Before taking up his present functions, Mr. Mahmoud served as Senior Political Advisor to several Special Representatives of the Secretary-General for Central Africa. He served for three years as the head of the office of the Under-Secretary-General for Political Affairs upon his return from Cambodia where he served for 14 months with the United Nations Transitional Authority in Cambodia (UNTAC). Prior to his mission in Cambodia, he was Deputy Chief of the Training Service in the Office of Human Resources Management. Mr. Mahmoud is a national of Tunisia. He holds a PhD in linguistics from Georgetown University.

Panel II - The role of men and boys in achieving gender equality (Tuesday, 2 March 2004, 3:00 pm – 6:00 pm)

Summary submitted by the moderator (E/CN.6/2004/CRP.10): available in Arabic, Chinese, English, French, Russian, Spanish


  • Mr. Robert W. Connell (Australia) [ paper/presentation ]
    Mr. Connell has a PhD from the University of Sydney, and is a Fellow of the Academy of Social Sciences in Australia. He is currently Professor of Education at the University of Sydney. He has extensive experience of research on masculinities, strategies for gender equality, the education of boys, and other issues about gender and sexuality. He serves on the editorial boards of several journals, including Gender, Work and Organization and Theory & Society, and was one of the founding editors of the journal Men and Masculinities. Mr. Connell has published eighteen books, the latest being "Gender" (2002). In 2003, Mr. Connell moderated the online discussion on the role of men and boys in achieving gender equality, organized by the Division for the Advancement of Women, and prepared the key working paper for the Expert Group Meeting held in Brasilia, Brazil, from 21 to 24 October 2003.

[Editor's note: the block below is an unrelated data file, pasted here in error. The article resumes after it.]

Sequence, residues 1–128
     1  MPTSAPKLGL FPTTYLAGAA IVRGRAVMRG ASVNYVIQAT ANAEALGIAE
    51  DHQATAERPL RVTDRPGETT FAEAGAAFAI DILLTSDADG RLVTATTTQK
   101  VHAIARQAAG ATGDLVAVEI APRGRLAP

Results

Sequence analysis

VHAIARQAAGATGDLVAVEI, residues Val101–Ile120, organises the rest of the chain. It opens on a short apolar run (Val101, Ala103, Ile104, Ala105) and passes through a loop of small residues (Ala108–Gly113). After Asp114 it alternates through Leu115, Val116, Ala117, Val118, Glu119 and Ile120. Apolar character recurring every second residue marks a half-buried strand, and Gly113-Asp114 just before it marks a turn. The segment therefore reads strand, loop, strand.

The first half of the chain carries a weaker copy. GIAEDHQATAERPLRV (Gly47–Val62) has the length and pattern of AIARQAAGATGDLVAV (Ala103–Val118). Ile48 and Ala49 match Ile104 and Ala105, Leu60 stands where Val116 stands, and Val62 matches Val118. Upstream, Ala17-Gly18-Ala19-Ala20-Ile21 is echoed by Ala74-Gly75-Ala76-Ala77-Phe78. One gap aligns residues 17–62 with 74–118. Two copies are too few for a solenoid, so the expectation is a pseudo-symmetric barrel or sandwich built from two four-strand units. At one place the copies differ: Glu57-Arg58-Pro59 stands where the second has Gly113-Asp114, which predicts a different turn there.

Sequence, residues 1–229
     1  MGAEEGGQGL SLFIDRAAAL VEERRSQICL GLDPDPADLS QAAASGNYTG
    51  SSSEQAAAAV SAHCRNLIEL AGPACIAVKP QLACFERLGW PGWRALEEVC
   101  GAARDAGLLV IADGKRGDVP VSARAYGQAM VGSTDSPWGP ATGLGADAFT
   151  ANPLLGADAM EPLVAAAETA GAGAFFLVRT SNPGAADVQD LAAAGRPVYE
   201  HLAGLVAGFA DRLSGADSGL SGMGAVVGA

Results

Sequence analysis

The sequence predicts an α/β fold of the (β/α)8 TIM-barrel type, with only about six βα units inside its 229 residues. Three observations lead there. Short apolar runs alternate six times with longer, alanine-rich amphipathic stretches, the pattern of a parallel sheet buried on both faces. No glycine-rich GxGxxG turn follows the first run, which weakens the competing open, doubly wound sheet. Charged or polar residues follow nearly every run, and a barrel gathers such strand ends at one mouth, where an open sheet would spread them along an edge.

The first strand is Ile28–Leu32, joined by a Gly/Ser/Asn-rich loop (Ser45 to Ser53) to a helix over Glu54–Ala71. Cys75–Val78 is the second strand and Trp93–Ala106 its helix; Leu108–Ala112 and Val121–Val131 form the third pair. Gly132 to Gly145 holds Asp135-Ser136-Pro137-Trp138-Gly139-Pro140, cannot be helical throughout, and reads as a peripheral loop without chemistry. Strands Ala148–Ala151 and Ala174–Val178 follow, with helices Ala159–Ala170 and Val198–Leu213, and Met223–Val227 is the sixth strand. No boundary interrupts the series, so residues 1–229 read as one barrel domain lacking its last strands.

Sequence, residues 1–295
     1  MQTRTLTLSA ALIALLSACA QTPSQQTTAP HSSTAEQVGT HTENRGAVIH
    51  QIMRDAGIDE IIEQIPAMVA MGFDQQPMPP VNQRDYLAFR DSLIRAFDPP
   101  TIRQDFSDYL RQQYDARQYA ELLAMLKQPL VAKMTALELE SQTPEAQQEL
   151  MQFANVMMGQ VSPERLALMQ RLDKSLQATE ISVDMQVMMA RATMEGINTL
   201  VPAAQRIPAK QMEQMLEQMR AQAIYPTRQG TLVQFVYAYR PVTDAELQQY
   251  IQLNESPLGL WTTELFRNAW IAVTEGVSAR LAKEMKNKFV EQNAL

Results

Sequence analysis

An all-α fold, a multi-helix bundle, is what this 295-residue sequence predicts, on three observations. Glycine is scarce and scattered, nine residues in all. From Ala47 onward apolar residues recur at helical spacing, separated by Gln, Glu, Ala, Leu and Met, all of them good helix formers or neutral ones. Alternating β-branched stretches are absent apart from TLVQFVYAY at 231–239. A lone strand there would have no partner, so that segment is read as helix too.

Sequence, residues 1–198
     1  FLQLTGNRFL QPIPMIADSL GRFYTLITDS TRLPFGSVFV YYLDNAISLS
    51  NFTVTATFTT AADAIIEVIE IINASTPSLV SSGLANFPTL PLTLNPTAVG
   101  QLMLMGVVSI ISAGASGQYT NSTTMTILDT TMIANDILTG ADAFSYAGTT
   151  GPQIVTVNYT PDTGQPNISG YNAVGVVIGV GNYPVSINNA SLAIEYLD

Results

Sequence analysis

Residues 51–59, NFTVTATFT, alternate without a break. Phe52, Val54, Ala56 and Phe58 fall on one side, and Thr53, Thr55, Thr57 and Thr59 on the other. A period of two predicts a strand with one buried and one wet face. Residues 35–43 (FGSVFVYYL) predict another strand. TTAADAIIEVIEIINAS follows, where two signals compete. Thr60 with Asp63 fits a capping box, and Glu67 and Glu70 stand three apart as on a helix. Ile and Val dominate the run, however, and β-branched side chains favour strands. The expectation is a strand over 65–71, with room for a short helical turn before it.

• Mr. Jorge Lyra (Brazil) [ paper/presentation ]
    Mr. Lyra holds a Master of Arts degree in Social Psychology from the Catholic University of Sao Paulo, Brazil, and currently pursuing a PhD in Public Health. His main area of expertise is adolescent fathers, as well as gender violence and prevention of sexually transmitted diseases. His work has focused on social intervention targeting men and masculinities, in health and reproductive rights. In 1996, he designed a project "Creating a place for teenage paternity" for supporting teenage fathers. In 1997, he co-founded Institute PAPAI [translated from Portuguese: Daddy], which focused on the subject of paternity in adolescence and on implementation of the first support programme for young fathers in South America.

  • Ms. Njoki Wainaina (Kenya) [ paper/presentation ]
    Ms. Wainaina is a freelance consultant in gender training, programming and policy. She has campaigned for male support in eliminating all forms of discrimination against women, particularly gender-based violence, for the last fifteen years. She is one of the founders of the Network of African Men Against Gender-based Violence, the Network Against Gender Based Violence in Malawi and Men for Gender Equality Now in Kenya. She has published reports on men's programmes in Ethiopia, Malawi and South Africa and prepared a manual for training men in gender based violence jointly with colleagues from the African Women's Development and Communication Network (FEMNET).

  • Mr. Bertil Lindblad (UNAIDS) [ paper/presentation ]
    Mr. Bertil Lindblad is currently Deputy Director, UNAIDS New York Office. He is a graduate of Pomona College in Claremont, California, with a major in International Relations, and also studied at the Claremont Graduate School as well as Institut d'études politiques and the Sorbonne in Paris. Mr. Lindblad was a coordinator for the UNAIDS Secretariat that supported the preparations of the General Assembly Special Session on HIV/AIDS in 2001 at which Governments adopted a Declaration of Commitment to expand global efforts to combat the epidemic. Mr. Lindblad was a senior consultant for UNAIDS/USAID during the development of an Action Plan for HIV/AIDS Prevention in the Baltic Sea Region. Between 1994 and 1999, he served as Senior Adviser/Child Protection at UNICEF Headquarters in New York.